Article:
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The grass may be greener, but is it thicker?

Plaintiffs in a class action against grass seed and lawn care company Scotts Co. may get to put that question to the test after U.S. District Judge Vincent Briccetti of the Southern District of New York denied enough of the defendant’s dismissals to allow the case to proceed.

In his 38-page decision in In re: Scotts EZ Seed Litigation, 12-cv-04727, Briccetti tackled several outstanding motions in the suit, which began in 2012. Plaintiffs have brought false advertising, breach of warranty and unjust enrichment claims under both New York and California law. The plaintiffs allege a claim that Scotts Turf Builder EZ Seed yields lawns that are 50 percent thicker with half the water was untrue. Class certification in the case created two groups, segmented by state.

The court’s partial denial of a defense motion to dismiss gave a green light to plaintiffs’ state-law express warranty and unjust enrichment claims.

Briccetti also preserved significant claims under New York’s General Business Law Sections 349 and 350, after defendants argued changes to state and federal law had eliminated the availability for statutory damages in class actions. Bursor & Fisher name attorney Scott Bursor called the decision “a significant victory” for his clients in the New York class seeking $545.8 million in statutory damages.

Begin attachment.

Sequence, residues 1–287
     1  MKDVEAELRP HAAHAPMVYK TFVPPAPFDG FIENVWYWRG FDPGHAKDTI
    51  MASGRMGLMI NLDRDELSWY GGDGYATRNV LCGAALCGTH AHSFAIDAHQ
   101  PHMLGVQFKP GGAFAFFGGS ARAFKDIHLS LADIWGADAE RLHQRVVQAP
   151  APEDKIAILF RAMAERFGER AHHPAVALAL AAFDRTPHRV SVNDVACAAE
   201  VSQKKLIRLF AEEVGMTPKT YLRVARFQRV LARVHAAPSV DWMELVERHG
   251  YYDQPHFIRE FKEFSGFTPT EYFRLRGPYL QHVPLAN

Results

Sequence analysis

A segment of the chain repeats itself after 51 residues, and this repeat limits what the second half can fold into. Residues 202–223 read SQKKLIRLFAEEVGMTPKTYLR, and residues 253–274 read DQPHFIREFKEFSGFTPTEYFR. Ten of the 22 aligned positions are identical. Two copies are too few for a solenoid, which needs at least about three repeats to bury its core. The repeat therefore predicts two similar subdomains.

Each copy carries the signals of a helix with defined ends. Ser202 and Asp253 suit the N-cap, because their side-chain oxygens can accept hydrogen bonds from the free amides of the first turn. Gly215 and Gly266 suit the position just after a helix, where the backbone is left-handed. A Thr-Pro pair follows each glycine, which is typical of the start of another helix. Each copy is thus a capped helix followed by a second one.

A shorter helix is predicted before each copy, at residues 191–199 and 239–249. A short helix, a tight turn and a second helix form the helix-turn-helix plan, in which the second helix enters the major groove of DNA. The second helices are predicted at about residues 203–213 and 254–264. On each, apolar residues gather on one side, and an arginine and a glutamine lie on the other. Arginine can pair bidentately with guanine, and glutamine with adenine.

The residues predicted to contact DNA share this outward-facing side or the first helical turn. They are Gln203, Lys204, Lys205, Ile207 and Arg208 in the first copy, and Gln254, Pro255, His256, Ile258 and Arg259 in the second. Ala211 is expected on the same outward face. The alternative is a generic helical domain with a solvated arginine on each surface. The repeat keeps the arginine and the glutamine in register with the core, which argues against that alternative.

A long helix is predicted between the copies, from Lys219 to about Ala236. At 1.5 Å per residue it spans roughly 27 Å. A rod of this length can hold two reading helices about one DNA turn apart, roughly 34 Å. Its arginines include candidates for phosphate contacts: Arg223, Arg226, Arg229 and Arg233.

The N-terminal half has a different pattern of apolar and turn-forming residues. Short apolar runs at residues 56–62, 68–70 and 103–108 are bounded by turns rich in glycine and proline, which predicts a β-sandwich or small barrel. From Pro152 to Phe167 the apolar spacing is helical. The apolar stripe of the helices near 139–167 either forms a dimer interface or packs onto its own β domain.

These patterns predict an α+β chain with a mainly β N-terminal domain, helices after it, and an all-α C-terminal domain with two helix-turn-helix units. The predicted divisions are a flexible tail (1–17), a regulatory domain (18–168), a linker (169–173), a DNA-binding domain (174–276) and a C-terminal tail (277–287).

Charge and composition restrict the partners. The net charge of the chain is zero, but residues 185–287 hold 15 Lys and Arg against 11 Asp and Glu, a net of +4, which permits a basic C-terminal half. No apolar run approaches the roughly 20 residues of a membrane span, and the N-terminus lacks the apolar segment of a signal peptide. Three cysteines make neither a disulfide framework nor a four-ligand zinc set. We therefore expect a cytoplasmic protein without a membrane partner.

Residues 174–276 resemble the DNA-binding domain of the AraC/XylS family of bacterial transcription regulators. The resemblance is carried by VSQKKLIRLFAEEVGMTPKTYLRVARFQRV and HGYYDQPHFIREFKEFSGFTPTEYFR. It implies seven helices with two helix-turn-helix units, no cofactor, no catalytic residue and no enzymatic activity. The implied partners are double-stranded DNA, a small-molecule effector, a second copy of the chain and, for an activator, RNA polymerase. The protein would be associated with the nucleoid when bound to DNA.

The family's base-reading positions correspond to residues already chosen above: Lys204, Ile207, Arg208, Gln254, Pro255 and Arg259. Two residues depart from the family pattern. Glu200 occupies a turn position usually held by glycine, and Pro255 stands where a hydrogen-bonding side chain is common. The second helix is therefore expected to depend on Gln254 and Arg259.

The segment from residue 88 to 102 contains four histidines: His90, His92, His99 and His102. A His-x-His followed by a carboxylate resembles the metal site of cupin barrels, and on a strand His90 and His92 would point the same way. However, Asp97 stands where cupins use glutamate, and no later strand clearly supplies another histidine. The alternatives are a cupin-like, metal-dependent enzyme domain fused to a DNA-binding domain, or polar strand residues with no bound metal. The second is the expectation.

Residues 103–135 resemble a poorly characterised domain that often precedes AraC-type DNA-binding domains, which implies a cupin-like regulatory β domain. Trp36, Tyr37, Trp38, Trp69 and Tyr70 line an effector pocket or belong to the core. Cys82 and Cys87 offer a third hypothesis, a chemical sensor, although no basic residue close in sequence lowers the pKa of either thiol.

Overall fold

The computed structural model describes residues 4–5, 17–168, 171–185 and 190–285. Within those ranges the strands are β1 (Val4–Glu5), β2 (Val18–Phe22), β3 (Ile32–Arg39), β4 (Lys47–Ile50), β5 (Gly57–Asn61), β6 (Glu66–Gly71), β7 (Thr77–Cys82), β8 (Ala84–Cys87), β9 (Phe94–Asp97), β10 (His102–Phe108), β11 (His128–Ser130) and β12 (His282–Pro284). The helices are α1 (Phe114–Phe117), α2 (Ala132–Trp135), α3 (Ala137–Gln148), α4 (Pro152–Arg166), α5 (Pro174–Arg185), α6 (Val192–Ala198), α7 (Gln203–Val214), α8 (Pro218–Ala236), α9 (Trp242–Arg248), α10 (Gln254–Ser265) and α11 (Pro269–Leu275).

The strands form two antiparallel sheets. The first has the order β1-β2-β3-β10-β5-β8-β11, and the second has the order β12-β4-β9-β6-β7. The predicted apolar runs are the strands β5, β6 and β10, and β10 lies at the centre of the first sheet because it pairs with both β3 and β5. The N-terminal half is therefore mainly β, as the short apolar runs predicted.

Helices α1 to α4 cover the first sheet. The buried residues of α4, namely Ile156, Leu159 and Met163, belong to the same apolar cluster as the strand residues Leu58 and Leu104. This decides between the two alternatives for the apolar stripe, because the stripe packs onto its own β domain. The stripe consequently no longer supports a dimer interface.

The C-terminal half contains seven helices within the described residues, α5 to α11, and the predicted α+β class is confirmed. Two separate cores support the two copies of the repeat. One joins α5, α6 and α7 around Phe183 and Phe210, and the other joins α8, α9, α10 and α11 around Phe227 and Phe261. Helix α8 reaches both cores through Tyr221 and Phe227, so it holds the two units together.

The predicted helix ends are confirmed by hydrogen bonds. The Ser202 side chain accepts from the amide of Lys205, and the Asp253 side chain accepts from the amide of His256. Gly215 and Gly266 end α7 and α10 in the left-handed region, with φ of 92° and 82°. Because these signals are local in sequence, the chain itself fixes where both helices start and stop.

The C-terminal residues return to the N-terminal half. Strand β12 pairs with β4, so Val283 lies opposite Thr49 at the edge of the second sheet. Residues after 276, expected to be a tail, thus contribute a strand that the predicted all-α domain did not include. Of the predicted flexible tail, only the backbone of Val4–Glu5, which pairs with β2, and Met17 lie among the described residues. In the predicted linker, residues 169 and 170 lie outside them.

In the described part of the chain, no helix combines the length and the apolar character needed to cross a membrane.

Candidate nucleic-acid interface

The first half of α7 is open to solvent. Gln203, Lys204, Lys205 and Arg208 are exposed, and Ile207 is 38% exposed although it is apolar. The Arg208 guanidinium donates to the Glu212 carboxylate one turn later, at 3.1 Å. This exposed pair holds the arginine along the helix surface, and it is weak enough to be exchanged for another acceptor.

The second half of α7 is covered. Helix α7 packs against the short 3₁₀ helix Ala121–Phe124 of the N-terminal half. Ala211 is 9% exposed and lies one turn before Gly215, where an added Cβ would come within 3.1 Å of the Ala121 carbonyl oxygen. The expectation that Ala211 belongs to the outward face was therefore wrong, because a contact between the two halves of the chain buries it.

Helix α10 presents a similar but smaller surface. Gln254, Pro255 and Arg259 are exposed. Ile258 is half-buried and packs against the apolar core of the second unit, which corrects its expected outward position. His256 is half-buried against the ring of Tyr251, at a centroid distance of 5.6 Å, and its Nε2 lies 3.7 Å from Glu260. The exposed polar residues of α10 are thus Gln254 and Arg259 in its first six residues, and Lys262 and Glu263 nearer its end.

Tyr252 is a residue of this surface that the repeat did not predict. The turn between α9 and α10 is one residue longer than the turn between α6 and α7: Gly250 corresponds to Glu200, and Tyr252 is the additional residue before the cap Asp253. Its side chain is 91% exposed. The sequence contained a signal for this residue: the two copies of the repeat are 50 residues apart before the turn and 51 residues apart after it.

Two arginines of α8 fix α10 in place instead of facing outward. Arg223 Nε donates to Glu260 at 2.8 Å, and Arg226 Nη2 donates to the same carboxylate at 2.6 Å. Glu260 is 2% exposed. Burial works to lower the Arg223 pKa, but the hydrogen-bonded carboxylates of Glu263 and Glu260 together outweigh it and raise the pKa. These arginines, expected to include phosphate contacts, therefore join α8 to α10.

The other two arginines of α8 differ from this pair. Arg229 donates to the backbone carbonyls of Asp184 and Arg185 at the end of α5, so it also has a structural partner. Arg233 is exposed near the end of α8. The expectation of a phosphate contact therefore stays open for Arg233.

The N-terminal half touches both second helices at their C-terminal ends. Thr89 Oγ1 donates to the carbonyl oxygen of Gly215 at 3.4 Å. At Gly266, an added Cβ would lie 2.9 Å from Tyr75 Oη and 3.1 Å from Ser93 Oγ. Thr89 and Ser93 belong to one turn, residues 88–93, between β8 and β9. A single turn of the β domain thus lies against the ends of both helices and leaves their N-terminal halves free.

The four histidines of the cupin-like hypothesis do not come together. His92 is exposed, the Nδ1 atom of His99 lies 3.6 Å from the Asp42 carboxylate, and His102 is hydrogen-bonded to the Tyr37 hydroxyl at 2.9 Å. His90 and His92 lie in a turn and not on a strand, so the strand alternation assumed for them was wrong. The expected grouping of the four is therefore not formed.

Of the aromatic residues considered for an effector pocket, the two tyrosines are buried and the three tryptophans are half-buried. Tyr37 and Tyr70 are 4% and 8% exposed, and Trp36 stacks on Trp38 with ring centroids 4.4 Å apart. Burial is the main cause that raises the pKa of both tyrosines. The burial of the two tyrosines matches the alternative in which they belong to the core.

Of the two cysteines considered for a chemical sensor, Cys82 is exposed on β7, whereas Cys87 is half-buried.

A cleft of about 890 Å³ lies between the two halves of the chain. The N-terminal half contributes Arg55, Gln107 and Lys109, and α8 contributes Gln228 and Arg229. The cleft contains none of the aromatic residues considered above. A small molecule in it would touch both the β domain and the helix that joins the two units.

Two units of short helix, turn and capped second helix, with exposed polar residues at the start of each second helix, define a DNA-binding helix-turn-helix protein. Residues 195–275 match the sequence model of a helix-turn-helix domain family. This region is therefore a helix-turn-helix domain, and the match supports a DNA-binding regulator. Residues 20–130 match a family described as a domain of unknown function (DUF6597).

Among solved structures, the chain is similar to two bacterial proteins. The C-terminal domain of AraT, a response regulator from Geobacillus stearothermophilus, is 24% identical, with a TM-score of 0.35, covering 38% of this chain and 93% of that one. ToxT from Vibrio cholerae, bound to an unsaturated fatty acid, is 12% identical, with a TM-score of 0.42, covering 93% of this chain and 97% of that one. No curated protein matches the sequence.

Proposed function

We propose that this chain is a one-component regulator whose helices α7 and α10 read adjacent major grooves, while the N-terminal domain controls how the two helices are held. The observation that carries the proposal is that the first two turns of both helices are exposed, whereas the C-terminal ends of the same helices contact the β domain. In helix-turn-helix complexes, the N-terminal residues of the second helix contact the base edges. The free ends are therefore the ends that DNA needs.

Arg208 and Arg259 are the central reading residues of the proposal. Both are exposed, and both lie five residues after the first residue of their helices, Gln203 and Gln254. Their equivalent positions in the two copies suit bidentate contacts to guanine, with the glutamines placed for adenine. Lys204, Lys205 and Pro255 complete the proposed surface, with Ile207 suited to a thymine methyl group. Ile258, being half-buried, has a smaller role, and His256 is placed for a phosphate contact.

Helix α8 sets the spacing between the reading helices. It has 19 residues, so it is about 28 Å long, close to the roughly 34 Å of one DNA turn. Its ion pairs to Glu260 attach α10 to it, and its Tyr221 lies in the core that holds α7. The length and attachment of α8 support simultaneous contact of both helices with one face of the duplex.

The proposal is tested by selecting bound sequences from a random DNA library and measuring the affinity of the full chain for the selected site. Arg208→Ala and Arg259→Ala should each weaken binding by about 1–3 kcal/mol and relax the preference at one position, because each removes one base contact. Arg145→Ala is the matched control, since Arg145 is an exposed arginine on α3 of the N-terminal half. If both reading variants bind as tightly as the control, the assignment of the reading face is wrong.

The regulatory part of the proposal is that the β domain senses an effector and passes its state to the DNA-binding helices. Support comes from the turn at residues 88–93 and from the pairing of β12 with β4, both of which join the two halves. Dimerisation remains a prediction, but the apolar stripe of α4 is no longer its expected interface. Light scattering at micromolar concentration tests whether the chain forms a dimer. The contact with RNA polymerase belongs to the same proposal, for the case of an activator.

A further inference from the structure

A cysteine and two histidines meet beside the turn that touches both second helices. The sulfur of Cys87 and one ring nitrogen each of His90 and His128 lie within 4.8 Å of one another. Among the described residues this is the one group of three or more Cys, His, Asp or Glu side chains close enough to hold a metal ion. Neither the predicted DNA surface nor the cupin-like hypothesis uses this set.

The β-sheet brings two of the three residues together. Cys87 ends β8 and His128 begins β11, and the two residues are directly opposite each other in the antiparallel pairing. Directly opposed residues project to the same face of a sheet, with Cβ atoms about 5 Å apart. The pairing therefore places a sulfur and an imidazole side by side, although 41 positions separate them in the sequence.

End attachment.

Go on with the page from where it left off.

“That claim will now be presented at a trial,” he said in an email.

But Briccetti agreed with the defense that some claims, such as one based on the California Food and Agricultural Code, didn’t hold up.

Hunton & Williams partner Shawn Regan, representing the Scotts defendants, did not respond to requests for comment.

Briccetti also dealt with nine separate expert witness objections from both sides. Only one objection—to the testimony of a plaintiffs class-damages expert—was granted in part, while all the others were denied. Defendants argued that proposed expert witness Colin Weir’s methodologies for analysis of class damages warranted his exclusion. Briccetti agreed with objections to two of the methods. But Briccetti denied the remaining objection and said he would allow the third method, based on court-approved work done by a separate witness, to be submitted to the jury.

All other motions, including defendants’ motion to decertify the class and a number of declaration and statement objections, were denied by Briccetti. A status conference has been set for Sept. 22 to set a trial date and schedule submissions.